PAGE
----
C) Extreme Stretching: it must be done, it's imperative. It stretches fascia and helps recovery immensely. It will dramatically change your physique in a short amount of time if done right, trust me on that. I hit on it in the first article of this series.
OK you guys have to use some deductive reasoning here. If I do a 375 or so LB smith incline press rest paused for 10-15 reps with statics on Monday morning (which is the time of day I lift) by that same Monday night, 12 hours later I am viscously sore. By Tuesday morning I am still pretty sore but to a lesser degree. By Tuesday night I have very little soreness. By Wednesday morning I have absolutely no soreness and Wednesday night the same, so I could probably train chest again on Thursday no problem but I currently wait till Friday and train chest again. If your training chest on Monday and on Thursday your still pretty sore, a couple things are happening--either you're training with more volume than I recommend, or you're not extreme stretching (as recommended in my first article for AE), or more likely your recovery ability is not your greatest asset. If the last one is true you are going to have to take note of that and broaden the workout days between bodyparts hit. Most of you reading this (90%) will be able to go the Monday, Wednesday, Friday and Monday again route hitting bodyparts twice in 8 days. A chosen few might be able to go Monday, Tuesday, Thursday, Friday especially if they really work their extreme stretching and get the proper rest. That's very rare though that someone can recover that quickly even from one working set per bodypart. My recommendations are to start out Monday, Wednesday, Friday, Monday first and gauge how that goes. I am currently seeing that most people go best with that protocol. I know some of you want to train a bodypart as many times as possible in a weeks time, hell I would love to be able to train a bodypart 4 times a week and grow but it can't be done. So this is something I can't help you on.....you need to check yourself and find out where you are recovering and then work with that. I can do a 20 plate leg press for reps and be sore for the next day and a half and feel fresh and ready to go on my next leg day. High dose glutamine has been a godsend to my recovery ability as has extreme stretching. My training weights continue to rocket upward on everything. What I cannot do is 3 leg exercises for multiple sets in a workout session and recover 3-4 days later to do legs again. I think you're begging for injury if you are still very, very sore the next time a body part comes up.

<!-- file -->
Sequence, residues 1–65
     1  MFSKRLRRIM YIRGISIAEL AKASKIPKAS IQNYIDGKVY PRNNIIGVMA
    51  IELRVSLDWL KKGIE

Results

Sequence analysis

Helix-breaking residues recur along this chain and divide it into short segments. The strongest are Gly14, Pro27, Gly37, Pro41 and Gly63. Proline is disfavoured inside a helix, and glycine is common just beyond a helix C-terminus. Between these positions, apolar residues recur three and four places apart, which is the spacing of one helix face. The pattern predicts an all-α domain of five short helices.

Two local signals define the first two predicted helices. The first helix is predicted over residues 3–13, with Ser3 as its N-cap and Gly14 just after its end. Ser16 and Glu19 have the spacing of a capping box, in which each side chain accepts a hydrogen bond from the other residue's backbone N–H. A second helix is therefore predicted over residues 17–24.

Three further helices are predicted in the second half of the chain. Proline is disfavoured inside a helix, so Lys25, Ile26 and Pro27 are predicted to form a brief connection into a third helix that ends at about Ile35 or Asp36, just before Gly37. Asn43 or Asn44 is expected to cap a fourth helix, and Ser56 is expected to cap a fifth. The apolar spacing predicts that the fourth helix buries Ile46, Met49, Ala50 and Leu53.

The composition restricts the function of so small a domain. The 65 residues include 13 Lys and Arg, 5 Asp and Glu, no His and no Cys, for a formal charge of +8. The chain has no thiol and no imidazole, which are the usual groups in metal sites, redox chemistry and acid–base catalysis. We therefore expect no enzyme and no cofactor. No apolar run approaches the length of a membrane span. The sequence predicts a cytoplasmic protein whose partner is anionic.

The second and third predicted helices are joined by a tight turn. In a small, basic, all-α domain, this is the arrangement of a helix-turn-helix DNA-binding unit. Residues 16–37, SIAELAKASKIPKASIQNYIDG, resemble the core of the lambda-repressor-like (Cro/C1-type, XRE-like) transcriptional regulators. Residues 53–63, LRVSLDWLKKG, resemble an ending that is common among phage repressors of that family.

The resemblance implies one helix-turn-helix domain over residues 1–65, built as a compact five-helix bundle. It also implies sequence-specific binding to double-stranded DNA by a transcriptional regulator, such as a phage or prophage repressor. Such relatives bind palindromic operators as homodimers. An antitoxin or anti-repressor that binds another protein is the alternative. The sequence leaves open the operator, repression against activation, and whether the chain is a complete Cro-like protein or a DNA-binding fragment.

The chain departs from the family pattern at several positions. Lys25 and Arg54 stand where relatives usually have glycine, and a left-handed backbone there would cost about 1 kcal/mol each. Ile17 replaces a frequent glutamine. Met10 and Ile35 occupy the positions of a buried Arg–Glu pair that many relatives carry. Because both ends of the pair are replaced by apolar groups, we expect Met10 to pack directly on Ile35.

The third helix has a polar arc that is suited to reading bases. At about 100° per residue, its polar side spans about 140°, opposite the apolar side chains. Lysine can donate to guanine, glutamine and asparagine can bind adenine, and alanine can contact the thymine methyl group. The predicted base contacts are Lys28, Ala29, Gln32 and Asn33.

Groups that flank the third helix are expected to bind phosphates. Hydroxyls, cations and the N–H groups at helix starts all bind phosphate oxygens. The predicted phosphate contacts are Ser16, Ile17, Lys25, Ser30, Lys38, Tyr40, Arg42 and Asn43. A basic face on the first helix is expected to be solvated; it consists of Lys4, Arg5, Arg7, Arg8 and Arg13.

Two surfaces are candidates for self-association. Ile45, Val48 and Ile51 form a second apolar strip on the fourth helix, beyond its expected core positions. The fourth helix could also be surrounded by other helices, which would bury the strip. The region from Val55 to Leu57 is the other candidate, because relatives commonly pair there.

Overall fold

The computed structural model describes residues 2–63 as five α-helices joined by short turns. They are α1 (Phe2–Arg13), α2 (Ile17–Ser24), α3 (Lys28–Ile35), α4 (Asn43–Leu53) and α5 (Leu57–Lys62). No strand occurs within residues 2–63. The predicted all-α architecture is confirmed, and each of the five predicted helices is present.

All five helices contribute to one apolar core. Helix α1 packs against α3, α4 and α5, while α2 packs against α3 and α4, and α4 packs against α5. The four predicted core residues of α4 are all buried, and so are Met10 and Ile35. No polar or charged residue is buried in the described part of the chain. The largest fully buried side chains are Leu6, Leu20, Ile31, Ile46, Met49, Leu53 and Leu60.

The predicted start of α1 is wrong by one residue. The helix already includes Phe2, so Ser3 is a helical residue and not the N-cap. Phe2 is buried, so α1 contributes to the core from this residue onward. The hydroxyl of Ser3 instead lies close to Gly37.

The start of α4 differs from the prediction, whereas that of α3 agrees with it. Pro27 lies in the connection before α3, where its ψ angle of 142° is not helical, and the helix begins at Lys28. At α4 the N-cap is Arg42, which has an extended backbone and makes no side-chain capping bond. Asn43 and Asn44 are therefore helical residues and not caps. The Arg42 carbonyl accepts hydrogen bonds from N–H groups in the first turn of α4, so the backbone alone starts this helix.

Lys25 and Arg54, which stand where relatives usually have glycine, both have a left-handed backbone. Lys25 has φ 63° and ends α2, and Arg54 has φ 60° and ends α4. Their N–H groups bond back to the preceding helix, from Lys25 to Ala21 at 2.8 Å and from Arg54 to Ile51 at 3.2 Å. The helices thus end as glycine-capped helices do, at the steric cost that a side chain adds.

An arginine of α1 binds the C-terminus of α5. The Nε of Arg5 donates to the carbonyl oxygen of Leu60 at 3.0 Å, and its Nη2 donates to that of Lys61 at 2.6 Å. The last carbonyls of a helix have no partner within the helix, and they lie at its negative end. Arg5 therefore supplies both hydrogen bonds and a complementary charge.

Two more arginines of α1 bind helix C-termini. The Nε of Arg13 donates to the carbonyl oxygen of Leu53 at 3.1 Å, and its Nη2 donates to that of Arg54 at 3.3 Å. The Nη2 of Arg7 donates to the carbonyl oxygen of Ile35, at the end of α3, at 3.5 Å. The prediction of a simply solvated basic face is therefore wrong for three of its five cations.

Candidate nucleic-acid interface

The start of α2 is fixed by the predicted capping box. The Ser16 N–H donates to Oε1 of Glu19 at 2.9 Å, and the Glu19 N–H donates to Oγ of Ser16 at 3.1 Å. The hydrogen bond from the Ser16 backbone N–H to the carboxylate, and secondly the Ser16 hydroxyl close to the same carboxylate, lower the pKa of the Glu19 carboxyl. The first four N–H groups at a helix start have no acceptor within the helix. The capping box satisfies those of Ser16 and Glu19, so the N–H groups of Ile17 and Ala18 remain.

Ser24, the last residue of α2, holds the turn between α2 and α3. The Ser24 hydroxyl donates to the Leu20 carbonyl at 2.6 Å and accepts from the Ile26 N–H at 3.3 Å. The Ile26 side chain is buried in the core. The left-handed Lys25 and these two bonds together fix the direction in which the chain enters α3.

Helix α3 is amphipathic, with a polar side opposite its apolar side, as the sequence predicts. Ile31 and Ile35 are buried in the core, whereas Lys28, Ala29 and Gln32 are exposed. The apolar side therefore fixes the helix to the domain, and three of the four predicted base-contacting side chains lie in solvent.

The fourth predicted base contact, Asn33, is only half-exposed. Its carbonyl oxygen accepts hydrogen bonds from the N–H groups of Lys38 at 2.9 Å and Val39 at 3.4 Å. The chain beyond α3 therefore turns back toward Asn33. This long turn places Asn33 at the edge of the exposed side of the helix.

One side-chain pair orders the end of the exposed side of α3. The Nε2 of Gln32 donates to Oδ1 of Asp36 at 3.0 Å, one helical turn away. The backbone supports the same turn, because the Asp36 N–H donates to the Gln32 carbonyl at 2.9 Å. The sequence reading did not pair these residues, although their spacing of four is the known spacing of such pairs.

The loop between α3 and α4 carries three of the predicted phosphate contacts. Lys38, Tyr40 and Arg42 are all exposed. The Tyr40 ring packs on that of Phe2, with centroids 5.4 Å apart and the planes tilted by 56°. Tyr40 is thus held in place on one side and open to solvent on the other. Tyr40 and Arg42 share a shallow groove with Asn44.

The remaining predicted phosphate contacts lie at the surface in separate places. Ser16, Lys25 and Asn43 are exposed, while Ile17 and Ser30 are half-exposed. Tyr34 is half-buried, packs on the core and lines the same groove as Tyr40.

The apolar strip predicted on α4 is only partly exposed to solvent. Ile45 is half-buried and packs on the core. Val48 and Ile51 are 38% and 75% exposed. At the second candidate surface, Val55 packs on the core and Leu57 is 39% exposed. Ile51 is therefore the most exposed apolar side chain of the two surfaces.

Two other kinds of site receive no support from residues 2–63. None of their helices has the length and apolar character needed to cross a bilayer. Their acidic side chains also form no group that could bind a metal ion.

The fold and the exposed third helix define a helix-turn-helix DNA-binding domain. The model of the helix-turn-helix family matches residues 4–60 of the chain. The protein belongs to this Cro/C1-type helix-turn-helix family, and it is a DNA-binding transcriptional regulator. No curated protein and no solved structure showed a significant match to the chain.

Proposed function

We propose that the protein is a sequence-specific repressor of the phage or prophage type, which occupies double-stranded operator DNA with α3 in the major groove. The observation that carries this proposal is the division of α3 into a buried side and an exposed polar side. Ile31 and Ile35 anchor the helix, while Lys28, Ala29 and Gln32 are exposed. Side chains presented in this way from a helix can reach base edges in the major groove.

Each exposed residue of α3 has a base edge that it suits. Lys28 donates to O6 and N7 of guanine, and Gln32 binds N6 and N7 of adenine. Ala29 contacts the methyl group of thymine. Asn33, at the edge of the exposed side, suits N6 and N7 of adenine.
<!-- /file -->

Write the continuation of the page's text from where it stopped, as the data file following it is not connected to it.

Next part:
Example Day one
First exercise smith incline presses (I'll use the weights I use for example)
135 for warmup for 12
185 for 8 warmup
250 for 6 warmup
315 for 4 warmup
Then all out with 375 for 8 reps to total absolute failure (then 12-15 deep breaths) 375 for 2-4 reps to total absolute failure (then 12-15 deep breaths) 375 for 1-3 reps to absolute total failure (then a 20-30 second static hold) DONE!-that's it 375lbs for 8+4+3= 375 for 15 reps rest paused..... next week I go for 385 (again rest paused)-----directly after that rest pause set I go to extreme stretching flyes as described earlier and then that's it for chest and on to shoulders, triceps and back. The next time I come in to do chest I would do hammer flat presses in the same rest paused manner (and then extreme stretching again)---the time after that I come in to do chest I would do my third favorite exercise rest paused/stretched and then the cycle repeats.
In simple terms I am using techniques with extreme high intensity(rest pause) which I feel make a persons strength go up as quickly as possible + low volume so I can (recover) as quickly as possible with as many growth phases (damage/remodel/recover) I can do in a years time.
Some exercises involving legs and some back rowing exercises don't allow themselves to rest pause too well. A sample couple of days for me would be the following (IM not including warmup sets--just working sets).
CHEST: smith incline 375 x 15 reps rest pause (RP) and a 30 second static rep at the end (then stretches)
SHOULDERS: front smith press-330 x 13 RP and 30 second static (then stretches)
TRICEPS: reverse grip bench press 315 for 15-20 reps RP-no static (then stretches)
BACK WIDTH: rear pulldowns to back of head 300 x 18 RP (20 second static at end)
BACK THICKNESS: floor deadlifts straight set of 8-20 reps (then stretches for back)
The information below is from Peter O'Hanrahan's "Body Types, Part 1". It is a brief and incomplete description of the mesomorph's temperament.
BICEPS: preacher bench barbell curl RP for 14 reps and 30 second static
FOREARMS: hammer curls straight set for 15 reps (then stretches for biceps)
CALVES: on hack squat straight set for 12 reps but with a 20 second negative phase
HAMSTRINGS: Cybex hamstring press (pressing with heels up top) RP for 20 reps
QUADS: hack squat straight set of 6 plates each side for 20 reps (of course after warming up)
Then stretches for quads and hams.